Realizing optimal care for children with cardiovascular disease: Funding challenges and research approaches

Steven E. Lipshultz

Research output: Contribution to journalArticle

10 Scopus citations

Abstract

Realizing optimal care for children with cardiovascular disease depends on organizing all the factors related to clinical care, research, education, and advocacy that have been reviewed in the 30 articles contained in these 3 issues of Progress in Pediatric Cardiology. The management of congenital heart disease has changed greatly over the past few decades and continues to evolve rapidly. More than ever, contemporary practice requires a collaborative effort by a large healthcare team comprised not only of pediatric cardiac surgeons but also pediatric cardiac nurses, pediatric cardiologists, perfusion and respiratory technicians, pediatric cardiac intensivists, pediatric cardiac anesthesiologists, ultrasonographers, and MRI and catheterization laboratory technicians. All of these individuals need to clearly understand the morphology and pathophysiology of congenital heart disease, as well as the associated surgical procedures. The successful team will be the one that has worked together for many years with an evidence-based approach to surgery and to patient communication about the risks, benefits, and potential complications. Here, I review the funding aspects of pediatric cardiovascular care and cite research that has improved our understanding of pediatric cardiovascular medicine and that has improved patient outcomes in this branch of medicine.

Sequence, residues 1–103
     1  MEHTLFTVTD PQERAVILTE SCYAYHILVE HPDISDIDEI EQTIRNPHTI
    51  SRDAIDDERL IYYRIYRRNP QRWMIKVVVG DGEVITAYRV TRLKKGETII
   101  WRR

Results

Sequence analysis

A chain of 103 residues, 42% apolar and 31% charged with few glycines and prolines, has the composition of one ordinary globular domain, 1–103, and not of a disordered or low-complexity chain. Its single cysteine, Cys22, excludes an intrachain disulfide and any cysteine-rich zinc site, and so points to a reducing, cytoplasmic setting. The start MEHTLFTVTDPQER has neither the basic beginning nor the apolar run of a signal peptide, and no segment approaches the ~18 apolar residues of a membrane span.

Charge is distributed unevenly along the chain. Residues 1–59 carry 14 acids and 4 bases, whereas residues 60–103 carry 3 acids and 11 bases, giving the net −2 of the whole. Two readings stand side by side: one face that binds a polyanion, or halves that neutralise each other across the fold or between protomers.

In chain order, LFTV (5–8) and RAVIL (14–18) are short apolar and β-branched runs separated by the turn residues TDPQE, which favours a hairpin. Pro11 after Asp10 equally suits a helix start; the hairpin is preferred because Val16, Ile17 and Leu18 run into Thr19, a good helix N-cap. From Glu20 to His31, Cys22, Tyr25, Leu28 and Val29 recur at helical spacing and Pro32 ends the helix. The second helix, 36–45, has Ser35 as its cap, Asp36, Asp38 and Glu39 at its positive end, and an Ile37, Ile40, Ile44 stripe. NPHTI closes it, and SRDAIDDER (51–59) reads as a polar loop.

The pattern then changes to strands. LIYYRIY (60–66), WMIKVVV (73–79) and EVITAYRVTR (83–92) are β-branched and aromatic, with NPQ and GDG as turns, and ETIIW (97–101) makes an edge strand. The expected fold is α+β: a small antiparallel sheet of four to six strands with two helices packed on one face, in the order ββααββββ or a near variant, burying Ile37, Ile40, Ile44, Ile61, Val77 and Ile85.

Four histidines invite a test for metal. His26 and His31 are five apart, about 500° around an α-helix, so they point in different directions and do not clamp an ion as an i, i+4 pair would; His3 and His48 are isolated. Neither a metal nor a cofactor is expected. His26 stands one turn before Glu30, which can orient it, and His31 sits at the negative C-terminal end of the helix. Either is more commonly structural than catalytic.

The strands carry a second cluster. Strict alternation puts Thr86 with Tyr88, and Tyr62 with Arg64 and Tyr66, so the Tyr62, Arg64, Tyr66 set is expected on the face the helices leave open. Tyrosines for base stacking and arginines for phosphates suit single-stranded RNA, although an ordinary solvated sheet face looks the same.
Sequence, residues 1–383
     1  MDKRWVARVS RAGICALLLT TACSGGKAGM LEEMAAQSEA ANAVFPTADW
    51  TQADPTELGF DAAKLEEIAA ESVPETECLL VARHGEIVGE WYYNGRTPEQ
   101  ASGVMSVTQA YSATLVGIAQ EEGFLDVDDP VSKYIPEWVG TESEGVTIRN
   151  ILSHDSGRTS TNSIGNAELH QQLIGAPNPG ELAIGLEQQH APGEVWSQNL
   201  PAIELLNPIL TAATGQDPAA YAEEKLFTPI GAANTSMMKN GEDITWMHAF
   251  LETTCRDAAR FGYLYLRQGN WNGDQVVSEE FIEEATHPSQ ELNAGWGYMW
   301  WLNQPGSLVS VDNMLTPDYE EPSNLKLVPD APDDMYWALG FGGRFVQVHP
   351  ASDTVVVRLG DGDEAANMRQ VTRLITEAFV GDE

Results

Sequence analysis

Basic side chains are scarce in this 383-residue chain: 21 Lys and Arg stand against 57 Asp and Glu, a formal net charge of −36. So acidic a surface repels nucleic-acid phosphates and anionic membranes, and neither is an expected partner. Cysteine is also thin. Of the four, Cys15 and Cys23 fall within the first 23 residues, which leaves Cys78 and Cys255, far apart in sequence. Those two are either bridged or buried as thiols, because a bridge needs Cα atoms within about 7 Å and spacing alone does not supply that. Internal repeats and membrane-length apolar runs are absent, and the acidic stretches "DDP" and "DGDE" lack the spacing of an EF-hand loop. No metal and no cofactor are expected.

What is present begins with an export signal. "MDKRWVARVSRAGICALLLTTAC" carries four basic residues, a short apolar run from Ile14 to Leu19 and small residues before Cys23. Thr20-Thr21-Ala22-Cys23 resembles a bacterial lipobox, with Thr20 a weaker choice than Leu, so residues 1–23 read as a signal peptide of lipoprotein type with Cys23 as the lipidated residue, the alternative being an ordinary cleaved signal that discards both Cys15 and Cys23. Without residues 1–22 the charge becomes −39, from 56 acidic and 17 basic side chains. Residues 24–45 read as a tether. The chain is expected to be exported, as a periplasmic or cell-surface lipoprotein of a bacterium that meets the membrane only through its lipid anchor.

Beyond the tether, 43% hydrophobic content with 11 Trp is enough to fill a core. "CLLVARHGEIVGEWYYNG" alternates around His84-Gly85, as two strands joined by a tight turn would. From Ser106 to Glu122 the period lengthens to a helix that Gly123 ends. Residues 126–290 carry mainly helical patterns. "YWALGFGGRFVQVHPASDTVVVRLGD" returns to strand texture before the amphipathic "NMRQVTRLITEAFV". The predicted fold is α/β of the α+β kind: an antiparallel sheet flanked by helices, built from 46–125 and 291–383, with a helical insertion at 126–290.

Original languageEnglish (US)
Pages (from-to)71-90
Number of pages20
JournalProgress in Pediatric Cardiology
Volume20
Issue number1
DOIs
StatePublished - May 2005

Keywords

  • Cardiovascular disease
  • Child care
  • Health care coverage
  • Pediatric clinical research

ASJC Scopus subject areas

  • Cardiology and Cardiovascular Medicine

Fingerprint Dive into the research topics of 'Realizing optimal care for children with cardiovascular disease: Funding challenges and research approaches'. Together they form a unique fingerprint.

  • Cite this